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Quote Life Report Methodology

This report provides two distinct sets of analyses: conditional order lifetimes and conditional frequency plots, hazard, survivor and cumulative distribution functions. NYSE and NYSE MKT are hybrid exchanges that do not report individual order identification numbers. They are excluded from the conditional order lifetimes and conditional frequency plots, hazard, survivor and cumulative distribution functions sample.1

The sample includes every order between 9:35 am and 4:00 pm. Amex, Arca, Nasdaq and NYSE conduct some form of open and/or closing auction. Most permit a mixture of normal orders with open- or close- specific orders. NSYE and Amex print the open with a special code. Frequently a series of trades and cancels are printed immediately thereafter and these orders are often at different prices. Nasdaq stocks frequently open within a few hundred milliseconds of 9:30 am, but not always. Filtering the first five minutes is a conservative effort to avoid some of the idiosyncrasies associated with the open.

Every message includes an exchange-generated timestamp as well as a single-collection-point timestamp generated by the collection system. Collection-point timestamps are accurate to the microsecond and can be used to time-sequence cross-exchange events, at least from the specific vantage of the collection point. Some exchange-generated timestamps are provided with microsecond granularity; others are provided with millisecond granularity. For the purpose of measuring the lifetime of individual quotes, cross-exchange time-sequencing is not needed. In the analyses below we use the microsecond collection-point timestamp for all exchanges except Nasdaq, for which we use the (microsecond) timestamp generated by Nasdaq.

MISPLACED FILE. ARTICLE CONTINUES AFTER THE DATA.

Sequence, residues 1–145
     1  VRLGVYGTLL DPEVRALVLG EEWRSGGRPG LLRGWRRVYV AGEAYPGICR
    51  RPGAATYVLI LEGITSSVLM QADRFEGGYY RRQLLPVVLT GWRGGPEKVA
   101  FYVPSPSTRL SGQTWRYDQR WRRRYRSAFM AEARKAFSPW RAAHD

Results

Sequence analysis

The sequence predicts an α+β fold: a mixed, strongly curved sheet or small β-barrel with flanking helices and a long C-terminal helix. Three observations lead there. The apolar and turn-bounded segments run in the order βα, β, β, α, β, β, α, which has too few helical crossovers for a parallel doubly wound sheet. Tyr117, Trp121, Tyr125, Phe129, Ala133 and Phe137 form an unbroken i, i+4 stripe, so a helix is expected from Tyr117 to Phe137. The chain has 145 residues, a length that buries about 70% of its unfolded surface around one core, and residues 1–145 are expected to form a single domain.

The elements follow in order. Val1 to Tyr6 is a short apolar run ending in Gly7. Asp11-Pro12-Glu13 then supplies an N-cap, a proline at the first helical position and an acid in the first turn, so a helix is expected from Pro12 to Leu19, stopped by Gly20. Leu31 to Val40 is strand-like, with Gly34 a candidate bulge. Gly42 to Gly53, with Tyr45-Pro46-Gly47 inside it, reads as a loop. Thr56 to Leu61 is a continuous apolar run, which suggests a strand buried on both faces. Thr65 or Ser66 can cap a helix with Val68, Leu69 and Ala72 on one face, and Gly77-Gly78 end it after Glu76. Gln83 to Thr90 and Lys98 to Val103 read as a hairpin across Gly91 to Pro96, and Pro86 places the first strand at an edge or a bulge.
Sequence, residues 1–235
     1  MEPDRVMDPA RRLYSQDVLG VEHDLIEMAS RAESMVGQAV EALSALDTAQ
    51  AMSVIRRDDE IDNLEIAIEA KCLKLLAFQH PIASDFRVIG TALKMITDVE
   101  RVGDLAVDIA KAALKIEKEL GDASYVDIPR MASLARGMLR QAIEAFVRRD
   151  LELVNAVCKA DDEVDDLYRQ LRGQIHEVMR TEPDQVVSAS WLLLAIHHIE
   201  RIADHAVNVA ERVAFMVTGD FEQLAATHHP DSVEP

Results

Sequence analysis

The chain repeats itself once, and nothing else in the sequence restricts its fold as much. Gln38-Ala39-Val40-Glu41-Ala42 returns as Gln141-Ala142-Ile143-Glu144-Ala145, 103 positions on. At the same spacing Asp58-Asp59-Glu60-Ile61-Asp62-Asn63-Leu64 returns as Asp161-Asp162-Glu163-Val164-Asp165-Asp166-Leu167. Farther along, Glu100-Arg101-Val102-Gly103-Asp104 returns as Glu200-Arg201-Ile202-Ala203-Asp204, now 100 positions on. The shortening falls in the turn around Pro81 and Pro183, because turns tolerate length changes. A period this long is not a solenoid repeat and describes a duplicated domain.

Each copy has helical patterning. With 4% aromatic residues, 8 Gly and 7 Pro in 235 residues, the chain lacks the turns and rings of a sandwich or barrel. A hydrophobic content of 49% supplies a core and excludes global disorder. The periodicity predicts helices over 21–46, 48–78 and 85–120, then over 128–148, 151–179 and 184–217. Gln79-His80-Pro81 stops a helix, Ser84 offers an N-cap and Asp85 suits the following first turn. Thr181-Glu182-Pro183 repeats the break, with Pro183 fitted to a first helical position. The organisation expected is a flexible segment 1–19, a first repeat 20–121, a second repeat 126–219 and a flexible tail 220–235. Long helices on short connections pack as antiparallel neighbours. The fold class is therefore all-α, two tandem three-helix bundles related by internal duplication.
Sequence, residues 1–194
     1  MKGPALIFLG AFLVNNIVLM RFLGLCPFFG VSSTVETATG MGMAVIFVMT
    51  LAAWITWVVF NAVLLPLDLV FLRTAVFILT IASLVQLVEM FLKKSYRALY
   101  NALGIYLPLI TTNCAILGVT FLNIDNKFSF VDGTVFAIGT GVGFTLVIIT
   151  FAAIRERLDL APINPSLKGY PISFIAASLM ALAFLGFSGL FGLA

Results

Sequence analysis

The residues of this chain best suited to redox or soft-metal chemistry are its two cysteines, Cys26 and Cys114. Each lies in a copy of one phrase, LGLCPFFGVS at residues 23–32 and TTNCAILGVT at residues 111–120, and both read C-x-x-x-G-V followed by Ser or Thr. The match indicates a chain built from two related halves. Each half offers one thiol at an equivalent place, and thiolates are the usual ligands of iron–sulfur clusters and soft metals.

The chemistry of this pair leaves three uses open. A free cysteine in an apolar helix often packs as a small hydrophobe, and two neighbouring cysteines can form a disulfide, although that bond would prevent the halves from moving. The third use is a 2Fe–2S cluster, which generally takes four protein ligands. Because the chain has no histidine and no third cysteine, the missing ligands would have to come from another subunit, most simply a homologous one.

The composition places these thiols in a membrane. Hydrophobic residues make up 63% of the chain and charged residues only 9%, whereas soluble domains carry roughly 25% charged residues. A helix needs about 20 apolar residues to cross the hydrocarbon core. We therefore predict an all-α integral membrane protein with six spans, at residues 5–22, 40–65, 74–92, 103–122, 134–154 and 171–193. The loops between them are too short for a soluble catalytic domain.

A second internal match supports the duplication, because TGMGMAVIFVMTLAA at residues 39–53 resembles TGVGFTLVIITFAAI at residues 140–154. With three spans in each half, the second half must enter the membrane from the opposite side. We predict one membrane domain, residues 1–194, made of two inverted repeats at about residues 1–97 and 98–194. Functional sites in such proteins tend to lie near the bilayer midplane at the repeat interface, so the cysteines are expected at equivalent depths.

The list of included stocks and exchange-traded products is sourced from the Center for Research in Security Prices (CRSP) daily stock database (SHRCD = 10, 11 for stocks; SHRCD = 73 for ETPs). This list is updated monthly with a 3 – 4 week lag from the final trading day of the previous month. Trades against hidden orders have no unique order identification (by construction). These are not included in the sample. For every exchange except Nasdaq, we take the timestamp as reported by Tradeworx. For Nasdaq, we use the exchange timestamp. We construct the following variables:

  • Full Cancel lifetime is recorded when the original order volume is reduced to zero by a single cancel order.
  • Full Trade lifetime is recorded when the original order volume is reduced to zero by a single trade.
  • Partial Cancel lifetime is recorded when the original order volume or remaining volume is reduced by a cancel order.
  • Partial Trade lifetime is recorded when the original order or remaining volume is reduced by a trade order.
  • Cancels = Full Cancel + Partial Cancel; Trades = Full Trade + Partial Trade; All = Cancels + Trades.